I’m Penelope Cruz’ Little Sister, I Swear

Tracey Barnett © February 2008

“Ya know,” I said, pulling my nose away from a picture of French President Sarkosky and his gorgeous new wife Carla Bruni, gazing at each other with barely restrained Euro-lust, “I look a lot like her.”

“Mm-hmm,” my partner mumbled into his newspaper. I might as well have announced nuclear winter was upon us.

“I bet this week some people at the grocery store might ask me what he’s like in bed– by mistake,” I tried.

Nothing. Not even a decent nose snort like I got a couple of years ago when I told him that my mother said I was better looking than Penelope Cruz. What can I say, I have a visually optimistic family.

My mate has been down this road before. After the holidays when I’ve had a slight tan, I tell him I look a lot like Halle Berry in a bikini too. At least that one gets a laugh.

I’m from the delusion-is-good-for-the-soul school of beauty. I just pretend it’s all there and hope that the rest of the world takes it up like Chauncey Gardner in Being There.

Otherwise, what’s the alternative? Imagine the mass public revulsion if someone lined up giant full-length mirrors on the beach that showed how we really look when we emerge from the water. Suddenly we’d realise we’re a dead ringer for our cross-dressing Great Uncle/Aunt Frances. Even the best of us would run for a large pellet gun.

Admit it, for 98 percent of us, our bodies don’t measure up—certainly not to Angelina Jolie or Daniel Carter’s—but especially to our own distorted idea of how it should be.

It’s like a massive culturally manufactured disease, leeching into the developed world only. I’ll bet that even our grandparent’s generation didn’t have this kind of widespread negative self-criticism that most of us assume is normal today.

In one US survey, 81% of 10-year-old girls had already dieted at least once, according to the Social Issues Research Centre. Okay, you reason, maybe US children are heavier. But then how do you explain that 25% of 7-year-olds in Sweden have dieted. In Japan, 41% of elementary school girls thought they were too fat.

A Harvard study showed that by age 13, 50% of girls are unhappy with their appearance. By the age of 17 the numbers rise, 8 out of 10 will be unhappy with what they see in the mirror. Psychology Today reports that 56% of adult women and 43% of men surveyed were dissatisfied with their overall appearance.

Fair enough, we were all tortured adolescents once. But consider, at what time in your life did you look in the mirror and give yourself a healthy dose of acceptance without endless editorialising?

I’d wager that the next time you get out of the shower, before you put on any clothes, you won’t be able to take 60 seconds to stand in front of a mirror and look at your body–without criticism. Try it for one measly minute. Men may hold out for 15 seconds, but I don’t think most women would make it past five, tops, without screaming for a towel and a mental airbrush.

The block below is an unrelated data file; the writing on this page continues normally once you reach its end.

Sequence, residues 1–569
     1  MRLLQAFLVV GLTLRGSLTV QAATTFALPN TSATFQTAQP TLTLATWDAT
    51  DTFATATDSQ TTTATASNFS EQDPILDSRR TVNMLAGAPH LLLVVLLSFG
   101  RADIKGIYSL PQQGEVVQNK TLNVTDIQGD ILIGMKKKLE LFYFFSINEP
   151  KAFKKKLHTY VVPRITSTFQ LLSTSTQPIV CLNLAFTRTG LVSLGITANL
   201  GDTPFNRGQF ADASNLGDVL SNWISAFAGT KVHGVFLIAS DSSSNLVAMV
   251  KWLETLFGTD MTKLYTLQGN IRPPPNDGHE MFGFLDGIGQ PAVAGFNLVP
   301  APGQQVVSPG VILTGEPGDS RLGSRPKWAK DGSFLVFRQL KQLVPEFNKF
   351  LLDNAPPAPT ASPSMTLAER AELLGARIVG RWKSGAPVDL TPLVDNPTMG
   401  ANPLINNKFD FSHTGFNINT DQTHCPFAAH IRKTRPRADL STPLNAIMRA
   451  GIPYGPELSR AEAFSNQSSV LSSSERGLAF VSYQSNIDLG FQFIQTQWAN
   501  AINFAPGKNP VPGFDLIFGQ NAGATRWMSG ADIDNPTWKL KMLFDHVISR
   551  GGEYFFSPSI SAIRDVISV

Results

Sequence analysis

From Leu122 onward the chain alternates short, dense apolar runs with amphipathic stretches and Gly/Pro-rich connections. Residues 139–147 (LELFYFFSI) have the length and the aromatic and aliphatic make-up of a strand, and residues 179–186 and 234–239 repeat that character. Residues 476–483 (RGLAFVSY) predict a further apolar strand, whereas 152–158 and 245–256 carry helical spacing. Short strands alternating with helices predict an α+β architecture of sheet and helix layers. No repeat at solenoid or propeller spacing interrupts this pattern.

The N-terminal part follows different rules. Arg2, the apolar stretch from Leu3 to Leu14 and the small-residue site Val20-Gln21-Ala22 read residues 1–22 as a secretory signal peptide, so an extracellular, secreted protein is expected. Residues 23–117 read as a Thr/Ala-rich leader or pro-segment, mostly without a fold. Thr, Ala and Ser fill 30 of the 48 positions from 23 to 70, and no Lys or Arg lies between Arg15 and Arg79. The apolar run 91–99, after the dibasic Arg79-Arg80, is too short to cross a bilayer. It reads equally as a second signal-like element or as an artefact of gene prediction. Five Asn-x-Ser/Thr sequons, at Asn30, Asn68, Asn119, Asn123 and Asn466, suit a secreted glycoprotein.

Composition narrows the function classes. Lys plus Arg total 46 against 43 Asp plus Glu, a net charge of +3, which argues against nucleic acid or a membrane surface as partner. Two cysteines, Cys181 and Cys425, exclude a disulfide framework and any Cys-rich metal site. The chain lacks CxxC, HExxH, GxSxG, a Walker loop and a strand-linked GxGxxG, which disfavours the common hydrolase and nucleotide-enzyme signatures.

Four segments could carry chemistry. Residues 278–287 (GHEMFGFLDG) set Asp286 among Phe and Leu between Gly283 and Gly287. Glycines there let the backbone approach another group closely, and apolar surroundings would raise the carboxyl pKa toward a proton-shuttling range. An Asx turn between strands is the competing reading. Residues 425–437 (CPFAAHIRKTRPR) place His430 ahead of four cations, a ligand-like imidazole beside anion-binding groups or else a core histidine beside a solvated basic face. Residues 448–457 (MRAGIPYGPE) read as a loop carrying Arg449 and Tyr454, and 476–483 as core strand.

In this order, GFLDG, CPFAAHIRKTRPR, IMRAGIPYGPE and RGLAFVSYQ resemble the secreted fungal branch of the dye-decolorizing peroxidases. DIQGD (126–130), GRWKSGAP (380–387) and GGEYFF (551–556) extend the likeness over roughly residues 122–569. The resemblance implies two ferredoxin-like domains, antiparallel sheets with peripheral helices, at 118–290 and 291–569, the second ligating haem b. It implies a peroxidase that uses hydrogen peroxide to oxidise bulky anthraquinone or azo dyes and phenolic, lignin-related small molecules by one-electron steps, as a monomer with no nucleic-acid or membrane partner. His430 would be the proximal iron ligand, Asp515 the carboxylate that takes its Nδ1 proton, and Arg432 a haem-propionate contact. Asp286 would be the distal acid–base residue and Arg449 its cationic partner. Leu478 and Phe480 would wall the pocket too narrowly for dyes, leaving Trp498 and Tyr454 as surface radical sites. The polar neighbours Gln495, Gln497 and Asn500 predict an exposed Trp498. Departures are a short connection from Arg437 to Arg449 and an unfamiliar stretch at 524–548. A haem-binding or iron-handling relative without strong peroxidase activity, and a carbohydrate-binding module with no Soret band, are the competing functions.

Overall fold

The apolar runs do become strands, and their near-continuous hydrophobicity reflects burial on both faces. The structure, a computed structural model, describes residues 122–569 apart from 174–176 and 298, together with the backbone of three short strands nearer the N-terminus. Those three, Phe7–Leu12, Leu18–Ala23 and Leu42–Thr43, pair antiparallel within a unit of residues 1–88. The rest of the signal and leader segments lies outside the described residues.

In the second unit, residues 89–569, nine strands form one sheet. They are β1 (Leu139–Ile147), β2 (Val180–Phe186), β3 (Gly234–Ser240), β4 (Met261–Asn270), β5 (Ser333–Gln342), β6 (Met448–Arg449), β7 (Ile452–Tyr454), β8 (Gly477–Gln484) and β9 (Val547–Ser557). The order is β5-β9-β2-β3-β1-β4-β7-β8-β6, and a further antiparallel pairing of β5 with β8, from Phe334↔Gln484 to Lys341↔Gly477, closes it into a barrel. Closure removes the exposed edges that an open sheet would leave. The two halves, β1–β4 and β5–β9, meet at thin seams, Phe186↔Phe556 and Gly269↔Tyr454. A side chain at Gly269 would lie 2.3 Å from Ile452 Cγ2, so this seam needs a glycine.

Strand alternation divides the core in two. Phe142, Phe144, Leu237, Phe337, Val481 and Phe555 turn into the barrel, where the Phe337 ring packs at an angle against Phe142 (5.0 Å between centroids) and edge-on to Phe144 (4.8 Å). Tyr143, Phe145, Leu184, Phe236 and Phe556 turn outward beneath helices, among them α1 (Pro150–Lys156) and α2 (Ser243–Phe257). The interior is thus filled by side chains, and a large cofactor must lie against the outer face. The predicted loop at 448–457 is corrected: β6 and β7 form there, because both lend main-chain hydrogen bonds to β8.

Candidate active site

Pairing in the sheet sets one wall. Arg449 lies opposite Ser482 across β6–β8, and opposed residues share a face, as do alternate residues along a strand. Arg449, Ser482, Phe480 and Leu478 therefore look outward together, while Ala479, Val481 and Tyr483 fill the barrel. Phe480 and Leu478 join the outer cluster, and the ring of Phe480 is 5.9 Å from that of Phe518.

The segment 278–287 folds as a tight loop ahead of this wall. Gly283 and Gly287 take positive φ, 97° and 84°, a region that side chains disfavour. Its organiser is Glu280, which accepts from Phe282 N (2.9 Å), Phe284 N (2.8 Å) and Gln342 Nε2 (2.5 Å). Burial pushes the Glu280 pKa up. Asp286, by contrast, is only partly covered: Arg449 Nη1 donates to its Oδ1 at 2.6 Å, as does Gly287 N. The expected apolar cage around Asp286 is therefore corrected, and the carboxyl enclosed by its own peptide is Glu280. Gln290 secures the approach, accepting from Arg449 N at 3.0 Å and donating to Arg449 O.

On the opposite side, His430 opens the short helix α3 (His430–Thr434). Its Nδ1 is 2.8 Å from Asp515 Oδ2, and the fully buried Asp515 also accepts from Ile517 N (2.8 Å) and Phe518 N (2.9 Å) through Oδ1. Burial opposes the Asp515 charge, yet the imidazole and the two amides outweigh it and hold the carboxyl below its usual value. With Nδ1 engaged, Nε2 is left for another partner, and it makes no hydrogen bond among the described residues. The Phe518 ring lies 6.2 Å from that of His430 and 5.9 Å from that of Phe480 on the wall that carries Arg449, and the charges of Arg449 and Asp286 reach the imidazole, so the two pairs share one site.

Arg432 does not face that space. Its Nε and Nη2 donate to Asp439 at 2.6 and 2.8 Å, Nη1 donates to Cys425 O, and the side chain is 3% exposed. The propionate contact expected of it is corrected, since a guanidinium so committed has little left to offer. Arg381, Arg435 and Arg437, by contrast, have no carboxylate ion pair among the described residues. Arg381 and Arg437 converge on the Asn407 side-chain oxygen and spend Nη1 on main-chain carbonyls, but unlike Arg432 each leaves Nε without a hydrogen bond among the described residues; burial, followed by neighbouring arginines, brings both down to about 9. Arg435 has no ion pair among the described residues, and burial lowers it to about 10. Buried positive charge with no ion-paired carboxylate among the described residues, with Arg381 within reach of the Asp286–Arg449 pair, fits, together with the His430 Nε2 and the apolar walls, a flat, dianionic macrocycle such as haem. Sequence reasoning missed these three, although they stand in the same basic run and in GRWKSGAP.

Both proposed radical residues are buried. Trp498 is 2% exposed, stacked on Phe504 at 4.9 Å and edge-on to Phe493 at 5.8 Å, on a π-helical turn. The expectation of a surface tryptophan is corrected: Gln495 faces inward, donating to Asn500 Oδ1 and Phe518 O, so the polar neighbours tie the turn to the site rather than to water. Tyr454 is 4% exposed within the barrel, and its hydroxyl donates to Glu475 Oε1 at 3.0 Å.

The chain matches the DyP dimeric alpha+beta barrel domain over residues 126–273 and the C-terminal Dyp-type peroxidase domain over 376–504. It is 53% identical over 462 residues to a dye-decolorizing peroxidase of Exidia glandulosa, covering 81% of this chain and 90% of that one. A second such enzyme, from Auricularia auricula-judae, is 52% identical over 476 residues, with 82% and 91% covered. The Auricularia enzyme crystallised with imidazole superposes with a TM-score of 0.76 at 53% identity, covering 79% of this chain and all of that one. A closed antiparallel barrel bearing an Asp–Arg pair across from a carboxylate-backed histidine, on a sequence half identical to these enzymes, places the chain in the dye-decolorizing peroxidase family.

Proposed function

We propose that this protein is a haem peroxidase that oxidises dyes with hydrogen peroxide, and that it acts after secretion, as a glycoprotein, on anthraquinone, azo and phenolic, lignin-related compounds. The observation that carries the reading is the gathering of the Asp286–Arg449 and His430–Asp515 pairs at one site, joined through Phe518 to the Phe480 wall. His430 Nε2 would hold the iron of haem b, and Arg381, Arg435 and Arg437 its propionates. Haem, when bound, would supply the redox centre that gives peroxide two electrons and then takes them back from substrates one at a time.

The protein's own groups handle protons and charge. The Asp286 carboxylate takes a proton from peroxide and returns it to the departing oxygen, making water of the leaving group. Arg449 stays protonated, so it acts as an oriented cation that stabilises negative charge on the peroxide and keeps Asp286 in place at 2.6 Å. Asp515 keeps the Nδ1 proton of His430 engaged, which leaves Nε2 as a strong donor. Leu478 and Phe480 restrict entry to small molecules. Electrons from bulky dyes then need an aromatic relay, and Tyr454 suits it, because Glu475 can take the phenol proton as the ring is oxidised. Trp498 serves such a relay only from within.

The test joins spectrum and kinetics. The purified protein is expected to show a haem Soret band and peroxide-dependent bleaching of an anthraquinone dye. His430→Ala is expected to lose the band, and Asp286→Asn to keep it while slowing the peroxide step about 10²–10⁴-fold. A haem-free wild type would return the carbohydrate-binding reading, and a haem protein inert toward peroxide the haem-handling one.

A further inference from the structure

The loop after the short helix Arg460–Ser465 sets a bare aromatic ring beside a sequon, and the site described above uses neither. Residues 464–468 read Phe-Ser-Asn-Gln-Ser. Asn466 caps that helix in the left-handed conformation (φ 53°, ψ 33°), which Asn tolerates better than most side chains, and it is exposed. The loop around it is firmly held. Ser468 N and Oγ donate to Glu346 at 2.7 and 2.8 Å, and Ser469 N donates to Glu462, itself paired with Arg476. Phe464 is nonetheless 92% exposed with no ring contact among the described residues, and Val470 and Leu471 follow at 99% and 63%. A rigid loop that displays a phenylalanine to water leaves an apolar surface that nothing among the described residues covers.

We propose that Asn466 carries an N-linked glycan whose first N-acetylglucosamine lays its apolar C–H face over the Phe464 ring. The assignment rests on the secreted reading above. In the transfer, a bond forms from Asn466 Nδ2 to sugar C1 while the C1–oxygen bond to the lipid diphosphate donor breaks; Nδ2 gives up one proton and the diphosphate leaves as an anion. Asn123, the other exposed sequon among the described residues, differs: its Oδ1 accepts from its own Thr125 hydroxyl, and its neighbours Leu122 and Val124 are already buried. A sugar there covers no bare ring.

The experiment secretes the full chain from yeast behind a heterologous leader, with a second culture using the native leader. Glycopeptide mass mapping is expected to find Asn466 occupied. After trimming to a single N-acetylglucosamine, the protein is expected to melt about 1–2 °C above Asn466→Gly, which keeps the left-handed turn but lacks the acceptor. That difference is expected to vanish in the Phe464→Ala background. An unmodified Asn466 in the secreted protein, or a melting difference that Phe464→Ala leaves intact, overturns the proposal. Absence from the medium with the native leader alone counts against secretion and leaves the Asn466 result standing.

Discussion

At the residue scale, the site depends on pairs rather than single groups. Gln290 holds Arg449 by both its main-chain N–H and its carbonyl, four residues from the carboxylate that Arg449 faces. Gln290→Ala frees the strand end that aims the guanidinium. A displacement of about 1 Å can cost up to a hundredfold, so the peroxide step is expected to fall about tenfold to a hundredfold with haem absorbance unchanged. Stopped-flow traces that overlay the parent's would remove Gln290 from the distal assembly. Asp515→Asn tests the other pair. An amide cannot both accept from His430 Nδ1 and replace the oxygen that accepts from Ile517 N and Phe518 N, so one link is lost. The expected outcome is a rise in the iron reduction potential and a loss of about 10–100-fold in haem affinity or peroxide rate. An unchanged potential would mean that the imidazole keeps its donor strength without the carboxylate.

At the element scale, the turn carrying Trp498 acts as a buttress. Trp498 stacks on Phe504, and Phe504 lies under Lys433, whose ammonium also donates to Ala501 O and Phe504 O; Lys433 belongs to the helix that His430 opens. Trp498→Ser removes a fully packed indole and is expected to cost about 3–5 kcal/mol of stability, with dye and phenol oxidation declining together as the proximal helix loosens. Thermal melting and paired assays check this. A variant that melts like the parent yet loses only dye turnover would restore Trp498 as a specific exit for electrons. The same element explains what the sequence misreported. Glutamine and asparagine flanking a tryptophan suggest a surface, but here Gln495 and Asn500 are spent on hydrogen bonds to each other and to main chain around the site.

Let’s face it, who is advocating that we owe ourselves simple acceptance of who we are? Your mother maybe, if you’re lucky.

We don’t appreciate this good machine because no one is teaching us to. Nobody is teaching us that there is beauty in stretch marks from having the strength to carry a child. Nobody is pronouncing that furrows lines in our brow might signal years of empathy toward other people. Because there is just no money in it– and that stinks.

What we are taught from a very early age is that we can be ‘fixed’. Get bigger breasts or pecs. Get smaller waistlines or pores. The health, fashion and beauty industries’ job is to stick voodoo pins into our self-image because that gives them a renewable market that continually feeds their next remedy.

Like every parent, I don’t want my children to grow up to be obese, anorexic or self-absorbed by how they look. But I have to ask myself, what am I doing to teach them how to appreciate what they look like in every stage of life if I don’t model it myself and disparage the negative ‘fix it’ onslaught? As a Dove ad campaign says, “Talk to your daughter before the beauty industry does.”

So the way I see it, I won’t hate you if you mistake me for Carla Bruni in the grocery store. She may have snagged the French president, but I have it on good authority that I’m just as beautiful in my own way as Penelope Cruz.

Just ask my Mum– that wise, wise woman.

One Response to “I’m Penelope Cruz’ Little Sister, I Swear”

  1. No. Sorry, that’s a cop-out. There’s lots of ‘news’ out there, we are not limited to a choice between every act of someone with a good press agent and copper mining in Argentina. It’s a lazy & irresponsible editor that bases their choice of ‘news worthy’ on the ‘celebrity’ whose fame was boosted solely by a frenzy of lame ‘journalists’ responding to buzz created by people wondering what all the fuss is about- it becomes a self-fullfilling cycle of b.s. Dig a little deeper and try to serve the ‘public interest’ with actual news instead of just trying to ‘interest the public’ with meaningless gossip

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